On the opposite side of the road, hidden behind a mesh of fencing and overgrowth were colored masonic symbols atop smaller white structures. At last I’d found Saint Paul’s Spiritual Temple: Voodoo Village.
Founded in the 1950s by a healer, the location has declined into an unwelcoming stretch of land where thrill seekers and ghost hunters hope to experience the supernatural. I was more interested in the symbolism of the structures and the history of the location and hoped to find someone I could talk to. Unfortunately, pulling up to the strangely jointed arch of the gate, I found a padlock and no signs of life. After a few minutes of looking around the perimeter of the fence, snapping a few photos and wondering if there was anyone I could talk to, I felt an odd but familiar sensation. Alone as I was, there was a feeling that I was being watched. It was instinctual. There was no one around that I could see but, somehow, I knew I was being watched. Finding no one, I decided to press on.
I’ve made some bad decisions in my life and Voodoo Village was most definitely one of them. As I drove into the cul-de-sac at the end of Mary Angela Rd, I felt a sinking in the pit of my stomach. A single, abandoned house, the doors open, windows smashed out, buried in a sea of overgrown grass with kudzu and Spanish moss choking the roof glared at me. The burnt-out hulk of a large sedan sat partially melted into the scorched pavement. Nearby, two other patches of similarly melted asphalt told tale of similar infernos that had raged at some point in the not-too-distant past. To be clear, between being in law enforcement and being a fan of horror movies, every last bit of sense I had was screaming to get out. I half expected to circle around the dead end only to find a mass of people congregated in the street, blocking my exit. I was relieved to find the area still as vacant as when I arrived and quickly left without another moment of hesitation.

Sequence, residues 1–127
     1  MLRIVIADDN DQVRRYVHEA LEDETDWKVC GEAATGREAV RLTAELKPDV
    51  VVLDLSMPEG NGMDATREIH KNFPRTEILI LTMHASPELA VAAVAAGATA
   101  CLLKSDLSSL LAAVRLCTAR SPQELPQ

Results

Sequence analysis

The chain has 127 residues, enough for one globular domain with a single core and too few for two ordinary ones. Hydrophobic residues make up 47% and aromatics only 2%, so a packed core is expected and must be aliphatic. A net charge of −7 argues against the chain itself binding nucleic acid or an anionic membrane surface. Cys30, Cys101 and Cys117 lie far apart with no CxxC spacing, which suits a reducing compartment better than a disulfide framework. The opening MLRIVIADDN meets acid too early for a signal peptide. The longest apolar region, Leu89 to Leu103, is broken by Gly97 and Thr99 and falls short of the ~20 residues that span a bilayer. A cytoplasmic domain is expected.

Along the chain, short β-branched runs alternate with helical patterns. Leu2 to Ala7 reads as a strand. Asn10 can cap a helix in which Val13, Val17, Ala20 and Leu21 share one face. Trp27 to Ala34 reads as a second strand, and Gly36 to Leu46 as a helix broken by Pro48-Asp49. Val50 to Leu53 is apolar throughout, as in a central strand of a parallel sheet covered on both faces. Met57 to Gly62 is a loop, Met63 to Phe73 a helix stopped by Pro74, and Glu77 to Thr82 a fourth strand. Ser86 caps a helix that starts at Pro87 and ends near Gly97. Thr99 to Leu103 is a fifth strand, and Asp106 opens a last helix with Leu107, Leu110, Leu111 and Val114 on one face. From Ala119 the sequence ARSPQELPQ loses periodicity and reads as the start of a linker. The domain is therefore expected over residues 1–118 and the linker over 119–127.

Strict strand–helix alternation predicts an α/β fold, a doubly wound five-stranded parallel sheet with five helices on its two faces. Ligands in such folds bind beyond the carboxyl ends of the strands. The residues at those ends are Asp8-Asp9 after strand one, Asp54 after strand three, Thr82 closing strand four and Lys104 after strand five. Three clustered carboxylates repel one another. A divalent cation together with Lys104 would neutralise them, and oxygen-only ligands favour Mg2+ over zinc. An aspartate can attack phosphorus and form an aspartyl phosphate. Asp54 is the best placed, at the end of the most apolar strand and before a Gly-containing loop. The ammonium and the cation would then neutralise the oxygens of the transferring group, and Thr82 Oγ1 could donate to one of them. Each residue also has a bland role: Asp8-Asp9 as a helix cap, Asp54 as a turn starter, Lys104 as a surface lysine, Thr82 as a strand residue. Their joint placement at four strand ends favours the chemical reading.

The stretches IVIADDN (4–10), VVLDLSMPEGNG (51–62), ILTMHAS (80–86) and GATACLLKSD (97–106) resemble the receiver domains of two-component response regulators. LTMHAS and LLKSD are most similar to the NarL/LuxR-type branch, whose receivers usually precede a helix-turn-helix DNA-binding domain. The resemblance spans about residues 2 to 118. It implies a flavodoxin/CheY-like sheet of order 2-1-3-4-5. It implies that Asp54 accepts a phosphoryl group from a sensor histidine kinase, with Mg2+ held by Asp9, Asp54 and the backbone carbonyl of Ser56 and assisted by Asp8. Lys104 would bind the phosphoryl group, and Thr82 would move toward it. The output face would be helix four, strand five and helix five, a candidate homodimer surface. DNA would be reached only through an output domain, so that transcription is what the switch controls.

I’ve since read up some more on Voodoo Village and discovered my instincts were correct, as the residents don’t take kindly to visitors. I read stories of assaults with axes and baseball bats, of angered chants and even a few cars being barricaded in the cul-de-sac by people who seemingly appeared out of nowhere. A picture was painted of a house of worship that had declined into a damning place in no small part due to urban legends, superstitions and old fashioned racism. As far as any occult or supernatural goings on, I can’t say anything with certainty. On a very real, very primal level, I felt something watching me. Was it the Loa of Saint Paul’s Spiritual Temple or something more tangible? I don’t know. There are plenty of pictures and even some videos online about the location if you’re interested, but take my advice and stay away from Mary Angela Rd. Let the folks who live there be in peace and keep yourself safe from whoever, whatever might be waiting in those woods.
You’ve been warned.